And I was walking down the street one day
Being pushed and shoved by people
Trying to beat the clock, oh, no I just don't know
I don't know, I don't know, oh
And I said, yes I said
Does anybody really know what time it is
Does anybody really care
If so I can't imagine why
We've all got time enough to die
When it comes to time we usually think about clocks and calendars, birthdays and deadlines. All these tools help us to measure chronos - the Greek word for linear time.
Kairos is a second word to describe time. Think about when you read a great book, or get caught up in a wonderful move, or spend an hour in conversation with a best friend. When you come out of such an experience you recognize that you have no idea how long it lasted. These experiences show us that not every second holds the same worth.
When Jesus proclaims “The time is fulfilled, and the kingdom of God has come near; repent, and believe in the good news,” he uses the word kairos. Similarly when Paul preaches, “Repent therefore, and turn to God so that your sins may be wiped out, so that times of refreshing may come from the presence of the Lord, “he is speaking about kairos.
The word kairos is also used here: “Besides this, you know what time it is, how it is now the moment for you to wake from sleep. For salvation is nearer to us now than when we became believers; the night is far gone, the day is near.”
This is the experience of God’s time and it is not confined or linear like chronos. When we enter into kairos past, present and future collapse into one eternal moment. Thus the Bible proclaims that we don’t need to wait until we die to enter into heaven, to know an abundant life of shalom. We can know it here and now.
The very best worship services usher those in the sanctuary into a time of kairos. When we proclaim the mystery of faith, “Christ has died, Christ is risen, Christ will come again,” we are describing the kairos moment of being in Christ’s eternal presence.
Kairos is the time of the circle, where we have no regrets about the past for Christ has redeemed the past, and no fear of the future because Christ is there making all well. We can relax and be truly present to our merciful, gracious, loving God who is really present with us. Emmanuel.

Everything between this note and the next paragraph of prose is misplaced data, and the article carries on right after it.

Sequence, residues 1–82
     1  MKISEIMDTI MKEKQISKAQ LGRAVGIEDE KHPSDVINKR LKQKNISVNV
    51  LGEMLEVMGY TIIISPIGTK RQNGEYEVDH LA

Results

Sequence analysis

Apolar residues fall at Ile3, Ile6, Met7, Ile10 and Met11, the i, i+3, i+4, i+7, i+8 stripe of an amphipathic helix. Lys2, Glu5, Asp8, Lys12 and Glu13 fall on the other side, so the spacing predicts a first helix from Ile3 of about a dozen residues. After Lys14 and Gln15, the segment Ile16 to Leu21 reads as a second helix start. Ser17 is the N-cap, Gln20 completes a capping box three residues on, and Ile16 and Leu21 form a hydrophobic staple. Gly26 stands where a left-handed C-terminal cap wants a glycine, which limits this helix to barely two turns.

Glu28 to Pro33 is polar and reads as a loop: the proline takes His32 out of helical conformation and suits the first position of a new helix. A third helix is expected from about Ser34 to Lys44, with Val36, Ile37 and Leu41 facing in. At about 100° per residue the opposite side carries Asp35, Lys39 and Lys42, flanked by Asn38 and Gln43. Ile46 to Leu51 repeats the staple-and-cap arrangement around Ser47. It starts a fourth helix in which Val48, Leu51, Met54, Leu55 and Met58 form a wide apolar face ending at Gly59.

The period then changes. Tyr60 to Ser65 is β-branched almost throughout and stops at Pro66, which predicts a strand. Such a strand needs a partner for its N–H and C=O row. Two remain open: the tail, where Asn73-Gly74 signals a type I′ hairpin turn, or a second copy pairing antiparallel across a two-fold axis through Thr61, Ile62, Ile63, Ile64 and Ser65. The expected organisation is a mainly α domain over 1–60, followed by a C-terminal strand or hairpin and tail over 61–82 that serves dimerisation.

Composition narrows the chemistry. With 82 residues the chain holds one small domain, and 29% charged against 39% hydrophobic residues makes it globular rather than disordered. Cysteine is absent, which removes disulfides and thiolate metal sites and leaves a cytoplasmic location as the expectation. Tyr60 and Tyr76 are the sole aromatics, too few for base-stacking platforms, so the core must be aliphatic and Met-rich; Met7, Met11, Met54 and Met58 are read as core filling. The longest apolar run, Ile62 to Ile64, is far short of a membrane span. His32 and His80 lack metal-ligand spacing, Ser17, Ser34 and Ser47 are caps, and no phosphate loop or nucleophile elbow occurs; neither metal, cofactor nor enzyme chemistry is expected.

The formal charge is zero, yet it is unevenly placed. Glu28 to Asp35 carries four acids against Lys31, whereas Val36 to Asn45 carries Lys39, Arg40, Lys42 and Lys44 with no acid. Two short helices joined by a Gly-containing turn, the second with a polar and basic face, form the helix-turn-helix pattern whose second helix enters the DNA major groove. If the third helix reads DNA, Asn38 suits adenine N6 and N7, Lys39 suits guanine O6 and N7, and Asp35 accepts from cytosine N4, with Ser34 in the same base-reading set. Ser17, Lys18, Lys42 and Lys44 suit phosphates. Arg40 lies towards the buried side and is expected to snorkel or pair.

Madeline L’Engle wrote,
Kairos. Real time. God’s time. That time which breaks through chronos with a shock of joy, that time we do not recognize while we are experiencing it, but only afterwards, because kairos has nothing to do with chronological time, In kairos we are completely unselfconscious, and yet paradoxically far more real that we can ever be when we are constantly checking our watches for chronological time. The saint in contemplation, lost to self in the mind of God is in kairos. The artist at work is in kairos. The child at play, totally thrown outside himself in the game, be it building a sand castle or making a daisy chain, is in kairos. In kairos we become what we are called to be as human beings, co-creators with God, touching on the wonder of creation. This calling should not be limited to artists - or saints. - from Walking on Water
Another way of translating kairos is “eternity.” Rabbi Abraham Joshua Heschel writes that Sabbath and eternity are one. “The idea that a seventh part of our lives may be experienced as paradise is a scandal to the pagans and a revelation to [us].” There was a time when Protestants attempted to follow laws about keeping the Sabbath on Sunday. The day was set aside to be in God’s presence through worship, reading of scripture, meals with family and friends and holy conversation. It is a day of no work was set apart by God to be, to look, and listen, to breathe, to walk through the woods or gaze at the stars. It is a day to delight in creation, to play like a little child, to love and be loved. These are kairos moments - heaven breaking into our world.
The method of Methodism was designed to usher people into God’s eternal presence, to foster their Christian experience of God’s grace and mercy now. Early Methodists gathering for worship at quarterly conferences and at camp meetings saw themselves as living in the kingdom of heaven on earth here and now - God’s answer to the Lord’s Prayer.
Have you experienced kairos time? How did it impact you?
Knowing that kairos experiences belong to life a life of shalom what might you change in your life to receive this means of God’s grace more often?
Sarah Mount Elewononi is an ordained Elder in the United Methodist Church. A member of the New England Annual Conference for over 20 years, Sarah now resides with her family in greater Pittsburgh. Sarah completed the requirements for her doctorate from Boston University on Christmas Eve 2014. She worked with Dr. Karen Westerfield Tucker and Dr. Nancy Ammerman to better understand worship and change - both how repeated acts of worship change us, and how and why worship changes whether we want it too or not, and why we can be resistant to that change. Her dissertation was focused on Methodist worship at New England camp meetings in the 19th Century. Sarah is a member of the North American Academy of Liturgy, the Order of St. Luke and the Girl Scouts. Currently she leads her daughters' Girl Scout troop and serves as a substitute teacher. She also teaches a variety of United Methodist Course of Study offerings in worship, theology and Biblical studies.